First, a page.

However, Scout’s changing perceptions as she comes to terms with the reality (both personal and political) which she faces in Maycomb, Alabama, after spending years in New York, is very moving, and also shocking. I think if this had been published in the 1950s when it was written, there may have been a public outcry in the Southern states of America. And certainly if it had been published after To Kill a Mockingbird, I believe it would have caused much disillusionment in readers who were inspired by that award winning novel.
Scout’s interactions with her uncle and her father, Atticus, were the most poignant aspect of Go Set a Watchman for me. One of the most impactful statements Scout makes in reflecting on the Negro population, is “How they’re as good as they are now is a mystery to me, after a hundred years of systematic denial that they’re human. I wonder what kind of miracle we would work with a week’s decency.”
The passion with which Scout deplores discrimination against Negroes, likely says a great deal about Harper Lee as a person. The title she chose for the book comes from Isaiah 21:6, “For thus has the Lord said unto me, Go, set a watchman. Let him declare what he sees.” As one commentator has said, this alludes to Scout's perception of her father as the moral compass or watchman of Maycomb, and her disillusionment as she realises the extent of the bigotry in her home community.
I’m rather loathe to include others' comments about Go Set a Watchman in my review but as my own feelings were so mixed, I’ve included a few.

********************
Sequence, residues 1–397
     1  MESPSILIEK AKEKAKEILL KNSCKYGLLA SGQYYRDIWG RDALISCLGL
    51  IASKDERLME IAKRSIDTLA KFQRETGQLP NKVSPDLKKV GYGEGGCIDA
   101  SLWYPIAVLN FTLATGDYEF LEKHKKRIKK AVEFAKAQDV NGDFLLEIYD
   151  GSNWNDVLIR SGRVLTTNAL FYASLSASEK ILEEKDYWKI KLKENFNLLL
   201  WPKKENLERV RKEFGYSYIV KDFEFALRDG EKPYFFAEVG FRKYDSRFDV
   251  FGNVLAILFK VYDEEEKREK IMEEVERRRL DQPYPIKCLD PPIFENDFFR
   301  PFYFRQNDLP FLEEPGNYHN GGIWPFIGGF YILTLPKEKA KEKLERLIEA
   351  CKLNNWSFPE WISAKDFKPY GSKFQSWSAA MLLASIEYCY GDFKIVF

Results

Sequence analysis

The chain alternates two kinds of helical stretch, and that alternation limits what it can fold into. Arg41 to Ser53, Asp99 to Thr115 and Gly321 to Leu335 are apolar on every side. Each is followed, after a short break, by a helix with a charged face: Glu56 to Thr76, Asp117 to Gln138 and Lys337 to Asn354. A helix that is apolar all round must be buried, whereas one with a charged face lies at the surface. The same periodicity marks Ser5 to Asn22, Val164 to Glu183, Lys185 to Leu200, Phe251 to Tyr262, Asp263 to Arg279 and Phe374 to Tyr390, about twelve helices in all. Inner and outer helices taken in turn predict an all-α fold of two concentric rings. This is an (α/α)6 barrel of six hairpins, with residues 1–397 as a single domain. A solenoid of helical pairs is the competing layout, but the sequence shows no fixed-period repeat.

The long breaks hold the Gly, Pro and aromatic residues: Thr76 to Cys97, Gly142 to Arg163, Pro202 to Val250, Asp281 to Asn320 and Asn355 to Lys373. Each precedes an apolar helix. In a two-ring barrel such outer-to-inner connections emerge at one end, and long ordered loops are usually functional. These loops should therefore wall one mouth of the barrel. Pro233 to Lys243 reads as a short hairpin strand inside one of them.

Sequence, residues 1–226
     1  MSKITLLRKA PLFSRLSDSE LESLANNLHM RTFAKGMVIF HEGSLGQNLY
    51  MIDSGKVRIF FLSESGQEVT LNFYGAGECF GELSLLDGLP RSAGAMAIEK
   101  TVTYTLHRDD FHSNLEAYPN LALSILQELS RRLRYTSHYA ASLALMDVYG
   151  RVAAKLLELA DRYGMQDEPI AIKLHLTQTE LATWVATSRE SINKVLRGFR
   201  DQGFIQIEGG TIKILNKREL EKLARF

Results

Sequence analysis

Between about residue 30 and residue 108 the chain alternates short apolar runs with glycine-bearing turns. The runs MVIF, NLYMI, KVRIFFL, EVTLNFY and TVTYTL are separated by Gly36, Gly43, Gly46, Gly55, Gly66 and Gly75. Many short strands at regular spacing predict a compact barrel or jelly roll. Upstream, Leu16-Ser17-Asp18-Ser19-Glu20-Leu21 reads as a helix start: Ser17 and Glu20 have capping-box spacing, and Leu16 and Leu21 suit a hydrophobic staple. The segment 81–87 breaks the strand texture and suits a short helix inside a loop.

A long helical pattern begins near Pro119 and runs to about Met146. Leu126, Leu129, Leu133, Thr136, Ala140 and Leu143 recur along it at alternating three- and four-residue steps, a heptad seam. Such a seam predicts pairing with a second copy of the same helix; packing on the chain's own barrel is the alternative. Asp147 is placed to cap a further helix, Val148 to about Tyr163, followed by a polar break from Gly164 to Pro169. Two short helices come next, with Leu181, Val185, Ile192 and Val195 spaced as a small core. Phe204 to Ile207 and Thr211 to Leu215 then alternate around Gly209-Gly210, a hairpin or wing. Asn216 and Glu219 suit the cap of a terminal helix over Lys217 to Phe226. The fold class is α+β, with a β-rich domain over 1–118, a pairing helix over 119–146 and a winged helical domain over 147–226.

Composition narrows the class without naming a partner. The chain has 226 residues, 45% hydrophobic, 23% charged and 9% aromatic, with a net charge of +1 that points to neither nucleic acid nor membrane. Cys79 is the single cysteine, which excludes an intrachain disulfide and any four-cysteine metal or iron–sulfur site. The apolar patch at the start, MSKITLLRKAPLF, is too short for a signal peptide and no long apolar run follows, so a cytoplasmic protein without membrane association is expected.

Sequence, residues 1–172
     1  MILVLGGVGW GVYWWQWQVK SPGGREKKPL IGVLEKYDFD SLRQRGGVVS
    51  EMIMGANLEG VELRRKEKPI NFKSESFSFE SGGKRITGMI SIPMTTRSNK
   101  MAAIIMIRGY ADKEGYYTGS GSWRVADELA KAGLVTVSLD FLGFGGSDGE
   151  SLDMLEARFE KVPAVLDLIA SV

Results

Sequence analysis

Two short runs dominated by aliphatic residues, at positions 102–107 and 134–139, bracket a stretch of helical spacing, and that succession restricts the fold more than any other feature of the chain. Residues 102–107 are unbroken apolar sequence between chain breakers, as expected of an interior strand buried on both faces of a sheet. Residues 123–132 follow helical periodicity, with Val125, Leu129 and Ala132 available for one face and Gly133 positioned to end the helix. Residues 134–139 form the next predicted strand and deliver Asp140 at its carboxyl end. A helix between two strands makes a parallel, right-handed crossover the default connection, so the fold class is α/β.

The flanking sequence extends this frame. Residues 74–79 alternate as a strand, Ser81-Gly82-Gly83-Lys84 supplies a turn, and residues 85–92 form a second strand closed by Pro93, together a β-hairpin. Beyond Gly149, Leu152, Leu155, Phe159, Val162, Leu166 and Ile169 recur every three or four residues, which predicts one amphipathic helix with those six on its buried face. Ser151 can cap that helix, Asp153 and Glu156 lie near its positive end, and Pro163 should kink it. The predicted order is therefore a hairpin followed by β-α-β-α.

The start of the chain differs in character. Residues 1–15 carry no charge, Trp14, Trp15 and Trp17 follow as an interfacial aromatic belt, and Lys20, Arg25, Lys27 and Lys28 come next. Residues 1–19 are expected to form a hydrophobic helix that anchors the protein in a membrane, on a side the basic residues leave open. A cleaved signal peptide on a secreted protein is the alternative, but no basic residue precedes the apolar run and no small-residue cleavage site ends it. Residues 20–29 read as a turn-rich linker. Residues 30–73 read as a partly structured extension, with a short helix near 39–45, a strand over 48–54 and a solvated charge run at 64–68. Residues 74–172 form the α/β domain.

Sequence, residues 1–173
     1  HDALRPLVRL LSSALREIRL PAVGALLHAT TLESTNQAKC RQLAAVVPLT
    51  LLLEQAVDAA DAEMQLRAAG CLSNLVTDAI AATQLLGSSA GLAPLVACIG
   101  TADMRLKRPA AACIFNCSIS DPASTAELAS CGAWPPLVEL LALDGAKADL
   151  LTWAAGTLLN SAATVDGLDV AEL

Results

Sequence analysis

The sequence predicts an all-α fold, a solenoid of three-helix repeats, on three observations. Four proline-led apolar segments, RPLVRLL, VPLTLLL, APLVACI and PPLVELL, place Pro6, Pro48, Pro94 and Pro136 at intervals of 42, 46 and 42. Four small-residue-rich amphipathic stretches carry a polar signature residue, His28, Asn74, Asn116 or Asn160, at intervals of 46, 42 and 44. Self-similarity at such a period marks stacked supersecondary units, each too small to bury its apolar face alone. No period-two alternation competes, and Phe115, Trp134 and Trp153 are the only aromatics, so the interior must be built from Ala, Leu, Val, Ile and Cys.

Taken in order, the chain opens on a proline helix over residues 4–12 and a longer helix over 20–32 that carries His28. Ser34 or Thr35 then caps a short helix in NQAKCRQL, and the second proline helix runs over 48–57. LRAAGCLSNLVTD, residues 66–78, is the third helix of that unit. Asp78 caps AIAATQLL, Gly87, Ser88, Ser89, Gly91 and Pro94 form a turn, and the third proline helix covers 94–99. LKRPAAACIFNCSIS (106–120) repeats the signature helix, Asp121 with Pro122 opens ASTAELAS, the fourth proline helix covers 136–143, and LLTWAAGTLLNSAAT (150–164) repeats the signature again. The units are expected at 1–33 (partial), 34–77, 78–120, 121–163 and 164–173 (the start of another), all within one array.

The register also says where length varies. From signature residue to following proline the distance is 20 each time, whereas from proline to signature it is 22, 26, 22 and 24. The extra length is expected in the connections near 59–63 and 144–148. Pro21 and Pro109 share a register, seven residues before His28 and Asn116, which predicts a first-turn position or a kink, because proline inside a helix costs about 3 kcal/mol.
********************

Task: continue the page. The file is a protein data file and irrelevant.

Entertainment Weekly panned the book as "a first draft of To Kill a Mockingbird" and said "Though Watchman has a few stunning passages, it reads, for the most part, like a sluggishly-paced first draft, replete with incongruities, bad dialogue, and underdeveloped characters". “Ponderous and lurching,” wrote William Giraldi in The New Republic, "haltingly confected, the novel plods along in search of a plot, tranquilizes you with vast fallow patches, with deadening dead zones, with onslaughts of cliché and dialogue made of pamphleteering monologue or else eye-rolling chitchat." In The Spectator, Phillip Hensher called Go Set a Watchman "an interesting document and a pretty bad novel."
Alternatively, Amazon (where the novel is available for purchase) says, “Written in the mid-1950s, Go Set a Watchman imparts a fuller, richer understanding and appreciation of Harper Lee. Here is an unforgettable novel of wisdom, humanity, passion, humor, and effortless precision—a profoundly affecting work of art that is both wonderfully evocative of another era and relevant to our own times. It not only confirms the enduring brilliance of To Kill a Mockingbird, but also serves as its essential companion, adding depth, context, and new meaning to an American classic.”
I guess there will be many different opinions of this novel. I'm glad I've read it for myself, but I am very interested to see some opinions from our own readers and authors.
Carol writes historical novels based on her family ancestry in Australia from the First Fleet. They include the Turning the Tide series; Mary’s Guardian, Charlotte’s Angel, Tangled Secrets and Truly Free. Her earlier novels Suzannah’s Gold and Rebecca’s Dream have been re-released by EBP. Her new novel, Next of Kin, was released by Rhiza Press in May this year. You can see more about Carol and her novels on her website.